Enabling DOD Technologies: Paul Manz '84

Paul Manz '84

As chief scientist and de facto chief technology officer for Program Executive Office Ammunition (PEO Ammo) located at Joint Center Picatinny Arsenal in New Jersey, Paul Manz ’84 is responsible for the transition and insertion of enabling technologies across a diverse munitions and armaments portfolio valued over $3 billion. He also oversees PEO Ammo's annual research and development budget totaling over $160 million. It’s an assignment in which he supports senior Army and Department of Defense (DOD) leadership on a variety of critical armaments issues, one that requires harnessing the specific expertise and multidisciplinary acumen of his government colleagues and industry/academia partners to solve challenging problems on behalf of our nation’s warfighters and the U.S. taxpayer.

“I definitely enjoy my job, the subject matter, and the folks I work with at Joint Center Picatinny and across the greater tactical warfare community,” Manz said.

Leveraging his primary areas of study in electrical engineering, semiconductors and communications, Manz immediately landed a job after graduation working for the Army’s Electronic Technology and Devices Laboratory at Fort Monmouth in New Jersey. He also became engaged to his wife, Elizabeth, to whom he has been married for over 30 years. He noted that his BSEE degree provided him with an excellent foundation for the many things he has experienced and worked on over the last three decades. 

“I think the most useful takeaways for me were the rigorous approach to problem-solving that I learned at NJIT, as well as the broad nature of the curriculum and knowledge I gained during the 139 credits of coursework I needed to graduate. Yes, I still remember that number after all these years,” Manz recalled.

“Actually, one of the things I find most interesting is that I’m still able to apply my early career EE-centric subject matter knowledge and concepts, enabled by my NJIT technical degree, to a variety of critical topics and capability gaps in my current world of advanced armaments. Semiconductor devices and the trusted-foundry supply chain needed by precision guided munitions and the use of ‘truth data’ over a system-of-systems network to overcome problems in GPS degraded/denied environments are just two examples.”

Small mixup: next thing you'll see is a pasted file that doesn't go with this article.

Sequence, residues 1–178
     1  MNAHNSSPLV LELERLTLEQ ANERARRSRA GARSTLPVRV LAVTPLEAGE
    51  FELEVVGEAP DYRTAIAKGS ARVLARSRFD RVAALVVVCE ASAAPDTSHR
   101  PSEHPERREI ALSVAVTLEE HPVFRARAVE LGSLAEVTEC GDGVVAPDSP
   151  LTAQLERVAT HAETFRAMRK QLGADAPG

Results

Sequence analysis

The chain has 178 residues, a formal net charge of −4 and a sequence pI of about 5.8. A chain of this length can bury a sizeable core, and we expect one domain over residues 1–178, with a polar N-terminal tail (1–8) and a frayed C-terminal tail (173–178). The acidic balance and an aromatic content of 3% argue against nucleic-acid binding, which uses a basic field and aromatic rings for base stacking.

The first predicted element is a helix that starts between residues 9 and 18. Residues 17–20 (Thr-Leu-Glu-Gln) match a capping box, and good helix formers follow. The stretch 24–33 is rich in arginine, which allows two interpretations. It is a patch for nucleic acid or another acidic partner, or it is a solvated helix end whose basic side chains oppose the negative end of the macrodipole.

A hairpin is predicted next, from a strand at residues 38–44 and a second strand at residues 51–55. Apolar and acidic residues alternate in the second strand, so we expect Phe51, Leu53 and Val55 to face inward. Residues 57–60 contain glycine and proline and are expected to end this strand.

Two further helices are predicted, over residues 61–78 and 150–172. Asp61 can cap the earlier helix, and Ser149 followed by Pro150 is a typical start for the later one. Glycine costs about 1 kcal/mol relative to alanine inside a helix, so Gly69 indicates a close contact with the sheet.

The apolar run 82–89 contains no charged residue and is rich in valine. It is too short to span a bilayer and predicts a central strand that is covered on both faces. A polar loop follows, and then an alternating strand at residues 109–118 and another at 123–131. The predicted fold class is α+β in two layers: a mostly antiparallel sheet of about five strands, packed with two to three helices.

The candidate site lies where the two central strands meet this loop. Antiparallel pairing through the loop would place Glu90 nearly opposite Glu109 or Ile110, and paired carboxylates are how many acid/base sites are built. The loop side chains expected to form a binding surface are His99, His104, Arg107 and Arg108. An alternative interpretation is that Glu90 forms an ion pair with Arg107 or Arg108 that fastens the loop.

Did he ever envisage doing this while he was an NJIT student?

“This job specifically?  Not in a million years,” Manz said. “I don’t think anyone in their late teens/early twenties knows exactly where life will take them. I can say that with experience as someone in their fifties. With that said, I think the choice I made to attend NJIT and that made after graduating ended up being good ones. Over my 32-year career as a DOD civilian and acquisition professional, I have been fortunate enough to be exposed to a variety of multidisciplinary subject matter across the entire materiel-development life cycle from science and technology through production and deployment. My career has spanned numerous diverse areas, such as joint munitions and armaments, Battle Command, Fire Support, Software and Information Technology, Enterprise Architecture and Interoperability, Systems Engineering and Electronic Devices. Again, I definitely enjoy my job at Joint Center Picatinny, which is a great place to work, with great people and challenging subject matter, as well as being trusted, empowered and supported by senior Army and DOD leadership to do the right things when they need to be done.”

Manz and his son, a high school junior, recently attended an NJIT Open House. 

“The campus, curriculum and infrastructure improvements made over the last many years are awesome,” Manz said. “The sampling of faculty and student interactions throughout this daylong event also showed me that NJIT is still on the top of its game and continues to be a great place to get a great education at a reasonable cost.”

His most memorable moment as an undergraduate student was “probably supporting NJIT’s on-campus Octobertech and Miniversity events as an upper-classman, much like those students my son and I recently encountered at the Open House.”

“I translate the memorable enjoyment of passing along lessons learned and helpful hints to incoming freshmen from way back when to my present-day enjoyment of similarly mentoring younger members of Joint Center Picatinny’s highly professional workforce and exposing them to new career-enhancing learning experiences,” Manz said. “My lasting impression of NJIT is its demonstrated positive reputation for giving students the right education and ‘tools’ they need to succeed upon graduation and throughout their future careers. I’m just one data point, but I think NJIT did very well by me.”

Christina Crovetto
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